Active Receptor Tyrosine Kinases, but not Brachyury, are sufficient to trigger chordoma in zebrafish
Elena María Cabello,
Elisabeth J. Rushing,
Mark D Robinson,
Richard M White,
Posted 29 Nov 2018
bioRxiv DOI: 10.1101/482687 (published DOI: 10.1242/dmm.039545)
Posted 29 Nov 2018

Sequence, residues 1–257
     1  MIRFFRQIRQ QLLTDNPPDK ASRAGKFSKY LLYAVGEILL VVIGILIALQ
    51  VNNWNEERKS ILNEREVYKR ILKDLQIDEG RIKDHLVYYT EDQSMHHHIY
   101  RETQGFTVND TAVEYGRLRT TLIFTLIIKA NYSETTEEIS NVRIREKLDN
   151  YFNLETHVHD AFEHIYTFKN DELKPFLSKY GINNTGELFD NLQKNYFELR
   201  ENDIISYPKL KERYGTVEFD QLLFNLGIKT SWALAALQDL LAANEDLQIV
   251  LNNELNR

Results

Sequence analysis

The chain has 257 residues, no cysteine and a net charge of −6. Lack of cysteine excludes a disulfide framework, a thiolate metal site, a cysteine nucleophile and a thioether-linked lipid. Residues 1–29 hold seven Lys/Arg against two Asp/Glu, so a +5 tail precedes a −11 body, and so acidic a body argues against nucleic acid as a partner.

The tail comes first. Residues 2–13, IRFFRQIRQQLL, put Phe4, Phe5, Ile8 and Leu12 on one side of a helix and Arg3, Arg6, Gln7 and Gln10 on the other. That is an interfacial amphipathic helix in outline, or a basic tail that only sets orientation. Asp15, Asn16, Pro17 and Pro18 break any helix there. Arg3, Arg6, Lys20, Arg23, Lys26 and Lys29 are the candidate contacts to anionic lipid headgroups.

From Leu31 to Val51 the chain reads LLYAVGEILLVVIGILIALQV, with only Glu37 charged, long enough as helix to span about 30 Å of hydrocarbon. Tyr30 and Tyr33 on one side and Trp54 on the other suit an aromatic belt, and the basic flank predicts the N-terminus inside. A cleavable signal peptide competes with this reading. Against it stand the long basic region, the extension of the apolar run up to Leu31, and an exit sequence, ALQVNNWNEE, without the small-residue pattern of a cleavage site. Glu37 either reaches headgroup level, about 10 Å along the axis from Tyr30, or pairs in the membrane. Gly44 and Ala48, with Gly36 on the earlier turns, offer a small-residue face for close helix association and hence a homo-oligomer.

The aberrant activation of developmental processes triggers diverse cancer types. Chordoma is a rare, aggressive tumor arising from transformed notochord remnants. Several potentially oncogenic factors, including several receptor tyrosine kinase (RTK) genes, have been found deregulated in chordoma, yet causation remains uncertain. In particular, sustained expression of the developmental notochord transcription factor Brachyury is hypothesized as key driver of chordoma; nonetheless, experimental evidence for an oncogenic role of Brachyury in chordoma and its prognostic impact remains missing. Here, we developed and applied a zebrafish chordoma model to identify the notochord-transforming potential of implicated genes in vivo. We find that Brachyury, including a form with augmented transcriptional activity, is insufficient to initiate notochord hyperplasia. In contrast, the chordoma-implicated RTKs EGFR and KDR/VEGFR2 are sufficient to transform notochord cells within two to five days of development. Transcriptome and structural analysis of transformed notochords revealed that the aberrant activation of RTK/Ras signaling attenuates processes required for notochord differentiation, including of the unfolded protein response. Our results provide first in vivo indication against a tumor-initiating potential of Brachyury in the notochord, and imply activated RTK signaling as possibly initiating event in chordoma. These results provide a mechanistic framework for the pursuit of chemotherapeutic compounds to combat this aggressive tumor type.
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